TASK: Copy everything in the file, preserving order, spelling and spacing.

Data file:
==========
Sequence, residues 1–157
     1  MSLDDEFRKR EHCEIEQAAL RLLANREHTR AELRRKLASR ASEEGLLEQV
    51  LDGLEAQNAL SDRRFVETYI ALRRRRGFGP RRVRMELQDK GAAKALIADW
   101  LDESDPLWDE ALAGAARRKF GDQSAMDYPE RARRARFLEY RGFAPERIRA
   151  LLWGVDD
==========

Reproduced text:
Sequence, residues 1–157
     1  MSLDDEFRKR EHCEIEQAAL RLLANREHTR AELRRKLASR ASEEGLLEQV
    51  LDGLEAQNAL SDRRFVETYI ALRRRRGFGP RRVRMELQDK GAAKALIADW
   101  LDESDPLWDE ALAGAARRKF GDQSAMDYPE RARRARFLEY RGFAPERIRA
   151  LLWGVDD